Geronimo Allison: The former undrafted free agent was poised for a big year until a groin injury that required surgery ended his season. As the No. 3 receiver, he had 20 catches for 303 yards and two touchdowns in just five games. He also had a blocked punt. The lowest tender would cost the Packers around $2 million, but they wouldn’t get anything for him in return if they let leave him via another offer that they do not match. 2018 pay: $630,000
Exclusive rights (players with fewer than three accrued seasons; must be offered minimum salary tenders by March 13 or they become street free agents): WR Jake Kumerow, TE Robert Tonyan, G Justin McCray, G Lucas Patrick.
Clay Matthews: There were two surprises about Matthews’ 2018 season: that he played in all 16 games (the first time he has done that since 2015) and that he recorded only 3.5 sacks (the lowest single-season total of his career). At age 32, his days as an every-down edge player might be over. However, he could be a designated third-down pass rusher like Julius Peppers became later in his career. Or perhaps he would accept a move to inside linebacker, where he had success in 2014 and 2015. His last double-digit sack season came in 2014 (11.0). 2018 pay: $11.4 million.
Muhammad Wilkerson: The veteran defensive tackle came to Green Bay to resurrect his career after it turned for the worse with the Jets, who cut him two years into a five-year, $85 million deal. But he wasn’t able to prove much, if anything, because he broke his ankle in Week 3 and missed the rest of the season. That said, he could be cheap for the Packers to bring back and try again. 2018 pay: $5 million.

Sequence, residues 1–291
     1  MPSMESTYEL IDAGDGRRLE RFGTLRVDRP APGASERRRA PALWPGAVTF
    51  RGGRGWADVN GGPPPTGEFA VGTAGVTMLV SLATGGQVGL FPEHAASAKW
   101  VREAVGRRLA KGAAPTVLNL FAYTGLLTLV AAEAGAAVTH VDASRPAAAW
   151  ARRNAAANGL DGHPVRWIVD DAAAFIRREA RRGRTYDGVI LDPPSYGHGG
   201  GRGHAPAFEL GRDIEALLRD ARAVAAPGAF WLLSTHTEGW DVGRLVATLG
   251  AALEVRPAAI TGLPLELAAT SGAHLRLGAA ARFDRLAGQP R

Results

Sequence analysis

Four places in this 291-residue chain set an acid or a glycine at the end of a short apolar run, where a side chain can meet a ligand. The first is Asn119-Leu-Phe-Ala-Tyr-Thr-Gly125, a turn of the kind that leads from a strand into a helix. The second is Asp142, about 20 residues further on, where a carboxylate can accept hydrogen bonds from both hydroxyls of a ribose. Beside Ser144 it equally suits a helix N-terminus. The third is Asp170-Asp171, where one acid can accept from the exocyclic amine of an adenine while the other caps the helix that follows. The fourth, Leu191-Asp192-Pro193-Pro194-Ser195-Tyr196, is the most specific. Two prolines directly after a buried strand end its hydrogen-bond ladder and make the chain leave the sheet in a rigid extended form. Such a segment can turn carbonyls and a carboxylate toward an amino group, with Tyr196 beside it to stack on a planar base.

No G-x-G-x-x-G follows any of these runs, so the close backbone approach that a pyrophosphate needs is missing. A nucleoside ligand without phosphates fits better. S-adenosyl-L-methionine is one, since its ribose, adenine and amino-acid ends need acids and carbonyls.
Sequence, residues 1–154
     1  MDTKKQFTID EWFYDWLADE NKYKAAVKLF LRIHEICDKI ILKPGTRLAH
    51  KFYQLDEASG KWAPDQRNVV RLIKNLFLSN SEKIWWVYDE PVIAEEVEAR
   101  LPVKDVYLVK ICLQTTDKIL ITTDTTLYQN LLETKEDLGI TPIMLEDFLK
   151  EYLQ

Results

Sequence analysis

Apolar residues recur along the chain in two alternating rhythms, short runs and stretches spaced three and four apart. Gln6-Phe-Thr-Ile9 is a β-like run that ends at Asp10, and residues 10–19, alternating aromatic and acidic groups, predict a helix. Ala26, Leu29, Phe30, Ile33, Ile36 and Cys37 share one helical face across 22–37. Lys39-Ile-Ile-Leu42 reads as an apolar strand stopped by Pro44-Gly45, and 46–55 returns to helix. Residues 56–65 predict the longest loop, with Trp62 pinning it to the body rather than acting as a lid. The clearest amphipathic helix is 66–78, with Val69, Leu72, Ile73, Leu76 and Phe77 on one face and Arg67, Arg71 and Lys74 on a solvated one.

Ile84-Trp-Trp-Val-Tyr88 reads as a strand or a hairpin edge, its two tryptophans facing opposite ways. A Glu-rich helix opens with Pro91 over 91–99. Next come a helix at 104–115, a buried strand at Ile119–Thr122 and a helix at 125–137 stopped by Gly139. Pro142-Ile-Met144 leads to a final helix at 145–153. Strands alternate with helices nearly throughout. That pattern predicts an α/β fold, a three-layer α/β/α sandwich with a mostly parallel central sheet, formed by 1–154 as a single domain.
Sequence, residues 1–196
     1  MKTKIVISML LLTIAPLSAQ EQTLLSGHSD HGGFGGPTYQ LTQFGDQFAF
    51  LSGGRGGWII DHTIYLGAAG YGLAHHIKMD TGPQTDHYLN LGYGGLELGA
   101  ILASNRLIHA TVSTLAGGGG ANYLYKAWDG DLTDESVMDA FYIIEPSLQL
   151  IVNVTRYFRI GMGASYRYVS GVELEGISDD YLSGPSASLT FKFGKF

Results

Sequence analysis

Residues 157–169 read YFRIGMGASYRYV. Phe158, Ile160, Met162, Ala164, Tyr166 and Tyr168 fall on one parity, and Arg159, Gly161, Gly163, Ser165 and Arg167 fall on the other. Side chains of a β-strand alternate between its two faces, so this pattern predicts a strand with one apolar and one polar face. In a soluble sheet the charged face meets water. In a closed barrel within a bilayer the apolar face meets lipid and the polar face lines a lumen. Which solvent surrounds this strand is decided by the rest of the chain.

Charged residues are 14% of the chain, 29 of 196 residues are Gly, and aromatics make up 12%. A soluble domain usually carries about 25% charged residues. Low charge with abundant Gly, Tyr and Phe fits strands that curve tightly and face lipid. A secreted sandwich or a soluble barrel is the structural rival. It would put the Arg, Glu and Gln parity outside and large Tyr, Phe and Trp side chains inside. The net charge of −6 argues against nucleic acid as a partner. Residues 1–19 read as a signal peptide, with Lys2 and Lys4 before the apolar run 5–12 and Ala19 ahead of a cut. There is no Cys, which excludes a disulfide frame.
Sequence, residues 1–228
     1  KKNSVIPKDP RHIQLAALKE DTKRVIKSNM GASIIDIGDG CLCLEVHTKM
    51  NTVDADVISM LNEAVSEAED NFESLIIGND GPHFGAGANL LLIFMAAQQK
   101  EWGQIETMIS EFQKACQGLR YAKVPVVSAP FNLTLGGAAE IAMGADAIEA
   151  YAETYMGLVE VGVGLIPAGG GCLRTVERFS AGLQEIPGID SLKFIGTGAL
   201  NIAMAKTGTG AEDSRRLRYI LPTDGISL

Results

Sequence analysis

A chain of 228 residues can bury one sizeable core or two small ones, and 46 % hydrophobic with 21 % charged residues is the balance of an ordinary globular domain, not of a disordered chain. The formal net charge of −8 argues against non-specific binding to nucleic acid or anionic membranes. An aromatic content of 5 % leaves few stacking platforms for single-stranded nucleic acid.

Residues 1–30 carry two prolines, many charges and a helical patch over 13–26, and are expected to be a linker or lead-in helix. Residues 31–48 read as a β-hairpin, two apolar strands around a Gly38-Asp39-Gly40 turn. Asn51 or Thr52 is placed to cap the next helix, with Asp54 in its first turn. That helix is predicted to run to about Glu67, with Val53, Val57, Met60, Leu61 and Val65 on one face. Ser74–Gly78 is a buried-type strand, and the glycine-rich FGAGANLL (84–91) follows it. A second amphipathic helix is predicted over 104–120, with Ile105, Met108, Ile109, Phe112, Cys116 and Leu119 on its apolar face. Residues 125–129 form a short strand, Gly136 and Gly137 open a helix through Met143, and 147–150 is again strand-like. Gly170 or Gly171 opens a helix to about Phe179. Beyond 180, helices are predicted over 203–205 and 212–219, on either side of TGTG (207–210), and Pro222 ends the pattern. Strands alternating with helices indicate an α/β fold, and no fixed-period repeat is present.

Jake Ryan: There’s never a good time to tear an ACL, but to do it when you’re in the final year of a contract ranks among the worst. At least Ryan blew out his knee in training camp and not later in the year, which means he could be ready for the start of the 2019 season. He had been penciled in to start at inside linebacker alongside Blake Martinez, and the Packers never found a permanent replacement for him. 2018 pay: $1.905 million.
Bashaud Breeland: A bargain in-season signing, the veteran cornerback played in seven games (five starts) and recorded a pair of interceptions (including one for a touchdown). This after his three-year, $24 million deal with the Panthers last March was voided because of a foot injury. If the Packers think he can stay healthy, he could be a valuable addition although it will likely cost more than the minimum from last season. 2018 pay: $880,000.
Davon House: Re-signed for a veterans minimum deal, the cornerback played just 29 snaps before a shoulder injury ended his season. He underwent surgery and will turn 30 in July but intends to play again. 2018 pay: $1.005 million
Ibraheim Campbell: Four-year veteran safety was claimed off waivers from the Jets on Nov. 5 and played in three games (one start) before a knee injury ended his season. 2018 pay: $705,000.
Eddie Pleasant: The 30-year-old safety appeared in five games (one start) after he signed as a free agent on Nov. 28. Just days after he signed, he dropped a would-be interception late in the 20-17 loss to the Cardinals on Dec. 2. 2018 pay: $790,000.
Kentrell Brice: The former undrafted free agent won a starting safety job coming out of training camp but battled ankle injuries throughout the season. Still made 10 starts but did not make the jump the Packers had hoped he would as a third-year player. Hard to imagine the Packers placing even the low tender on him. 2018 pay: $630,000.